NZ’s newest $1 billion company: Partners Life to be sold to Japanese insurer

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New Zealand life insurer Partners Life is being sold to Tokyo-listed global insurer Dai-ichi Life in a $1 billion deal just 12 years after the company was founded.

Managing director Naomi Ballantyne​ started Partners Life in 2010. It had grown to insuring more than 225,000 lives with $427.9 million in premiums as at March 31.

“I’m so excited, I’m extremely proud, and this is the dream outcome for me. Not many people get that in their lives, so I’m very humbled as well,” she said.

The sale was subject to conditions including regulatory approvals. Under the deal, Ballantyne and the current executive team would stay, and Partners Life would remain a stand-alone New Zealand business.

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In December 2010, a small group of investors formally agreed to back the company Ballantyne founded with Richard Coon, the founder of reverse mortgage company Sentinel.

The intention from the start was to create a fast-growth rival to challenge the likes of Sovereign, Onepath Life, AMP and Axa.

Ballantyne had been instrumental in building up giant life company Sovereign, and was the founder of ING Life, then called Onepath Life, now owned by Cigna.

Partners Life founder Naomi Ballantyne says the deal is “the dream outcome”.

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Partners Life founder Naomi Ballantyne says the deal is “the dream outcome”.

The deal was a change of shareholder, not a merger or acquisition, Ballantyne said. She did not plan to leave the company “any time soon”.

“I’m just so excited as a shareholder, I’m excited that the risks that I took to start the company have paid off in this way, but actually as a managing director the opportunity that the Dai-ichi Life ownership brings for us to truly position Partners Life where I’ve always believed we should be, which is leading, really, the world, showing everyone how life insurance could or should be done, is now extremely possible, and I can’t wait,” she said.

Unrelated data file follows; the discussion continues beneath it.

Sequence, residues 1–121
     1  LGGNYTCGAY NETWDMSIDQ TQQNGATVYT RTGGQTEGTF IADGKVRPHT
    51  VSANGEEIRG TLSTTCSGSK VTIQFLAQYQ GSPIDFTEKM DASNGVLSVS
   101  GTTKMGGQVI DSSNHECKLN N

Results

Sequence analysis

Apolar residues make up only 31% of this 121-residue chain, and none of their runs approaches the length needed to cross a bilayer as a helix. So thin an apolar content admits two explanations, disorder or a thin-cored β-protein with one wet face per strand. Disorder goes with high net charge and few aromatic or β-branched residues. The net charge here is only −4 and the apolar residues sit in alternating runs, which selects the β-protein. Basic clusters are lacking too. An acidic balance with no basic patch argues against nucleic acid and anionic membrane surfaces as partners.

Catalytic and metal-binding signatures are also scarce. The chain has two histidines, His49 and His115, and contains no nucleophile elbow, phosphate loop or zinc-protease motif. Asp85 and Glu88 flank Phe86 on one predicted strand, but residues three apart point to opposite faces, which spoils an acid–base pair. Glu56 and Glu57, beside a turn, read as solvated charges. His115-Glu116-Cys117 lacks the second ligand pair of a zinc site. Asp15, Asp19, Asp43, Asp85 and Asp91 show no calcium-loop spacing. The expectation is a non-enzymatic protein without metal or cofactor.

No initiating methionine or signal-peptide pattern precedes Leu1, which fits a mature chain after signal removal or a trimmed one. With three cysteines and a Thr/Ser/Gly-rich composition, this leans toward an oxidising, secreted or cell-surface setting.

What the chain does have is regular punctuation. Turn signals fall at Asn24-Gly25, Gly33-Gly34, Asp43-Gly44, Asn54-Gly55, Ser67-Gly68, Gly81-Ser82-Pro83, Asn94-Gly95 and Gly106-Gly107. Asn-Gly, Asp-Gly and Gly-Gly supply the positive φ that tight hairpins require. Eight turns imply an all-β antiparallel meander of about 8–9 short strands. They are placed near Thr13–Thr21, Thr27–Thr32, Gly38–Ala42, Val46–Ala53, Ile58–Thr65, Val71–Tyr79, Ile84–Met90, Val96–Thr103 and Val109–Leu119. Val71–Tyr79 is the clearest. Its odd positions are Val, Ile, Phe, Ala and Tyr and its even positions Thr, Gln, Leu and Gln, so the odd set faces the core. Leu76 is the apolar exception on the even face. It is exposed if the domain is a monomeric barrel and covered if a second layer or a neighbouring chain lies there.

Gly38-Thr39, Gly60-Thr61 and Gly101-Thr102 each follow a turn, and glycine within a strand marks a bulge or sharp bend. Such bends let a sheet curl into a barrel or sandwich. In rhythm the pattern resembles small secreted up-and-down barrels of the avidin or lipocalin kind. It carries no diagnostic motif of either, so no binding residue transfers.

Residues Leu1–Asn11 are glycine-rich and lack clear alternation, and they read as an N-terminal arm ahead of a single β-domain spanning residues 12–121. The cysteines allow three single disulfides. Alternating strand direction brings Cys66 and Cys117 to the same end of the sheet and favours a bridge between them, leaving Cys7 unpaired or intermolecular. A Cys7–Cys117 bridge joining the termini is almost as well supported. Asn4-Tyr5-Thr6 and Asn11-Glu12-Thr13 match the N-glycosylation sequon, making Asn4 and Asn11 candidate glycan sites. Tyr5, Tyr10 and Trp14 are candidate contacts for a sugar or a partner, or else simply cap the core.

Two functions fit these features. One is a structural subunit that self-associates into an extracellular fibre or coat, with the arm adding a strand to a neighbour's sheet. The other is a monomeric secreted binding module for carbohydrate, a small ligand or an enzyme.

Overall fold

The deal was a positive outcome for shareholders, she said, including majority shareholder Blackstone, a global private equity firm.

“Our shareholders have collectively been the backbone of Partners Life’s growth over the last decade, and we are so thankful for their support and guidance.”

The purchase price was $980m, while costs including advisory fees were $30m.

As a privately held company Partners Life was unable to disclose the return shareholders, including Ballantyne, would receive from the sale, a spokesperson said.

Stewart Taylor, chief financial officer of Partners Life, said Dai-ichi Life was a specialist in personal risk insurance, and its scale, access to capital, and industry knowledge would be a benefit to the New Zealand business.

Dai-ichi Life operated in Japan, Australia, Vietnam, India, Thailand, Indonesia, the United States, Cambodia and Myanmar, and had total assets of more than US$500 billion (NZ$774 billion) compared with Partners Life’s $1.3b in total assets.

Seiji Inagaki, president of Dai-ichi Life, said Partners Life had established a solid market position, and had a strong customer base “and an impressive track record of growth”.

In a statement to the Tokyo stock exchange, Dai-ichi Life said Partners Life became profitable within its first five years of operations, and grew rapidly to become the second-largest player in the New Zealand life insurance market in its 10th year of operation.

In December 2020 Partners Life entered into an agreement to buy the BNZ life insurance business from BNZ’s Australian parent NAB for $290m. The proposed transaction was pending Reserve Bank of New Zealand approval.



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